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Baroness Nicholson and Iraq

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Each year, the AMAR International Charitable Foundation manages to ensure 700,000 people in Iraq are seen by a qualified doctor. It delivers almost 100,000 vaccinations and helps educate 35,000 children and adults every month. It has developed unique programmes to help combat gender-based violence and empowers women to gain the skills to develop their own careers and look after their families.

Meanwhile another not-for-profit organisation, the Iraq Britain Business Council (IBBC), helps promote industry and commerce in Iraq, with the aim of creating hundreds of thousands of jobs for the country’s beleaguered population.

Both the AMAR International Charitable Foundation and the IBBC were founded and are now run by Baroness Nicholson of Winterbourne, a member of Britain’s House of Lords and a former Member of the British Parliament.  She receives no salary at all from either organisation.

Your correspondent, the Iraqi author, Haifa Zangana, recently launched an unprovoked attack on Baroness Nicholson.

Ms Zangana claimed Emma – as the Baroness prefers to be called – was a politician “cashing [in] on behalf of her political party and government”.  On the contrary, Emma’s main concern is providing humanitarian aid to Iraqis. Emma’s actions speak for themselves. She understands very well the complicated politics of Iraq, and has personally witnessed many terrible human rights abuses. Instead of standing by whilst the people of Iraq suffer, Emma uses her political skill to ensure that the charitable programmes of the AMAR charitable foundation and the IBBC help as many people as they possibly can.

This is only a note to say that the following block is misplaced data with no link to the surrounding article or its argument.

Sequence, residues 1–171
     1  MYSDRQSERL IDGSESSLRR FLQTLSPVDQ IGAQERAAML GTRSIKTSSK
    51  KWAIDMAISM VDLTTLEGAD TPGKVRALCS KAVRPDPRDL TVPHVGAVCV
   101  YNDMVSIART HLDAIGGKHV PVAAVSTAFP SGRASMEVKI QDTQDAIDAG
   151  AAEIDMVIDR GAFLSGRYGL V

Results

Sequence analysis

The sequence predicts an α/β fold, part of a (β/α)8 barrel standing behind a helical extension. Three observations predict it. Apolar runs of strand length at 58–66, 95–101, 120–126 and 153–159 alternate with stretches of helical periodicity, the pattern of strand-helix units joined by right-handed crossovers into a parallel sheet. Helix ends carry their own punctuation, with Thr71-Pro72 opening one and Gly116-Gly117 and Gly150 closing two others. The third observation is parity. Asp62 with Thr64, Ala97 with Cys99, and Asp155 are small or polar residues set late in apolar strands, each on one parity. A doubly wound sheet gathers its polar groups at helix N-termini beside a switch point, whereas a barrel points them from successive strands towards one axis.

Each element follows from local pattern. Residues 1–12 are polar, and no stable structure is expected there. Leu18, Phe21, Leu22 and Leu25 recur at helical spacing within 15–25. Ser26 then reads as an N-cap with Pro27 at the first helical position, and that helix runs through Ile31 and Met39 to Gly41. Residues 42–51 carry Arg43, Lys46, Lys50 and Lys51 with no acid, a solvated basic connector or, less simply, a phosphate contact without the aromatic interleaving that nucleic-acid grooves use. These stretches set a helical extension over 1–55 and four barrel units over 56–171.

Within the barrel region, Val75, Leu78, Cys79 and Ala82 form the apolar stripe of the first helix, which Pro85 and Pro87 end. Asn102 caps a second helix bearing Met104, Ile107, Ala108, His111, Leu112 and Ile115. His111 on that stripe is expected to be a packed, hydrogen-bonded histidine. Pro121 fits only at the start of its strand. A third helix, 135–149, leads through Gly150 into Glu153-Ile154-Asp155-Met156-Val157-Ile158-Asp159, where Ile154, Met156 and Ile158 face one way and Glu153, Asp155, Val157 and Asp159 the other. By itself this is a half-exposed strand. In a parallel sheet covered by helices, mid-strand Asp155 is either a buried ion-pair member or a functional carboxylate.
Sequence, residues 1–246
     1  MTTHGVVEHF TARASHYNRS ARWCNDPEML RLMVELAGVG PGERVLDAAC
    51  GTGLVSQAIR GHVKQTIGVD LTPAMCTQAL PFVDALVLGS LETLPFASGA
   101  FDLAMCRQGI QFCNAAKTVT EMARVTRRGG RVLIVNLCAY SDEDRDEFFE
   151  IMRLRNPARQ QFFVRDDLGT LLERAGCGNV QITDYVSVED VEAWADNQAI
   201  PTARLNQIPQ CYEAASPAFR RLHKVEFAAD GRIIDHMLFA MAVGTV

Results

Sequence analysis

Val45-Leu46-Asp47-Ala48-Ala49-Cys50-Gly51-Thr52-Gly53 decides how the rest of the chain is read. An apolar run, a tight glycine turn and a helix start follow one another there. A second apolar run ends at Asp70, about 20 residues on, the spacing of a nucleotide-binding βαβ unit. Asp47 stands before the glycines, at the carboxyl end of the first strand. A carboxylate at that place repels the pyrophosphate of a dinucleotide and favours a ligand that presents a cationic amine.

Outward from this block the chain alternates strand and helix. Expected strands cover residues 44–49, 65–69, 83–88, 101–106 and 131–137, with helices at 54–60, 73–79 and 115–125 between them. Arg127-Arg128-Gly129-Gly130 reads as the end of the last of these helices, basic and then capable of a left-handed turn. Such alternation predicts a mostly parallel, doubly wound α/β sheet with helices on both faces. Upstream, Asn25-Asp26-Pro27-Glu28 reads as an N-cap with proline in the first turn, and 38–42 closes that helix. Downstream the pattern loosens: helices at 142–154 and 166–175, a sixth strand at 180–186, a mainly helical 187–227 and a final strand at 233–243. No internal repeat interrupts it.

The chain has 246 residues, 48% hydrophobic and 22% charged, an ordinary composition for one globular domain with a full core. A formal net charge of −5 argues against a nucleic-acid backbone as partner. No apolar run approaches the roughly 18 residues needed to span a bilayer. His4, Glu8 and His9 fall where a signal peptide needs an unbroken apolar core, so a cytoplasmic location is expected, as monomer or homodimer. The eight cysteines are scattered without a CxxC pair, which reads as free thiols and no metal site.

The author accuses Emma of ‘double standards’ in the condemnation of Saddam Hussein’s  odious regime of terror, and suggests that her actions ‘legitimise the rise to extremism’. Emma has devoted her life and career to the promotion of human rights and humanitarian causes. To suggest otherwise is a lie and amounts to an attack on her reputation.

The AMAR charitable foundation and the IBBC would like to invite the author to help with their humanitarian causes and to see at first-hand how they work. That would be far more valuable to the struggling nation of Iraq than promoting falsehoods about one of its staunchest champions.

Robert Cole is head of  Head of Communications, AMAR International Charitable Foundation & Iraq Britain Business Council.

 

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